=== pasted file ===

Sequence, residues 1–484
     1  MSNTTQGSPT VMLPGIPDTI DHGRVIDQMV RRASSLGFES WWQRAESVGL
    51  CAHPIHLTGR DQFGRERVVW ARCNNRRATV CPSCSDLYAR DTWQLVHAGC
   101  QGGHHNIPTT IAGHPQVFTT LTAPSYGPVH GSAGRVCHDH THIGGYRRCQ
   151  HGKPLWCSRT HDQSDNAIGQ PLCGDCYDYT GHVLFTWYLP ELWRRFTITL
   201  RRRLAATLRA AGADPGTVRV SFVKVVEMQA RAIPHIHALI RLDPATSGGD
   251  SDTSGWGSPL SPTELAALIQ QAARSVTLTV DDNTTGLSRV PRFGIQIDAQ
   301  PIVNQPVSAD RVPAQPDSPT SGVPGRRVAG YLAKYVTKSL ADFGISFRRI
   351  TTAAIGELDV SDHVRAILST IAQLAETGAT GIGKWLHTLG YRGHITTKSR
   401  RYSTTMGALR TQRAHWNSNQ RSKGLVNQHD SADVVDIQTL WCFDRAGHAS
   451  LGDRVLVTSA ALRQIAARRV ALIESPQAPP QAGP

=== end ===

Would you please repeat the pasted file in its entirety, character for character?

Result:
Sequence, residues 1–484
     1  MSNTTQGSPT VMLPGIPDTI DHGRVIDQMV RRASSLGFES WWQRAESVGL
    51  CAHPIHLTGR DQFGRERVVW ARCNNRRATV CPSCSDLYAR DTWQLVHAGC
   101  QGGHHNIPTT IAGHPQVFTT LTAPSYGPVH GSAGRVCHDH THIGGYRRCQ
   151  HGKPLWCSRT HDQSDNAIGQ PLCGDCYDYT GHVLFTWYLP ELWRRFTITL
   201  RRRLAATLRA AGADPGTVRV SFVKVVEMQA RAIPHIHALI RLDPATSGGD
   251  SDTSGWGSPL SPTELAALIQ QAARSVTLTV DDNTTGLSRV PRFGIQIDAQ
   301  PIVNQPVSAD RVPAQPDSPT SGVPGRRVAG YLAKYVTKSL ADFGISFRRI
   351  TTAAIGELDV SDHVRAILST IAQLAETGAT GIGKWLHTLG YRGHITTKSR
   401  RYSTTMGALR TQRAHWNSNQ RSKGLVNQHD SADVVDIQTL WCFDRAGHAS
   451  LGDRVLVTSA ALRQIAARRV ALIESPQAPP QAGP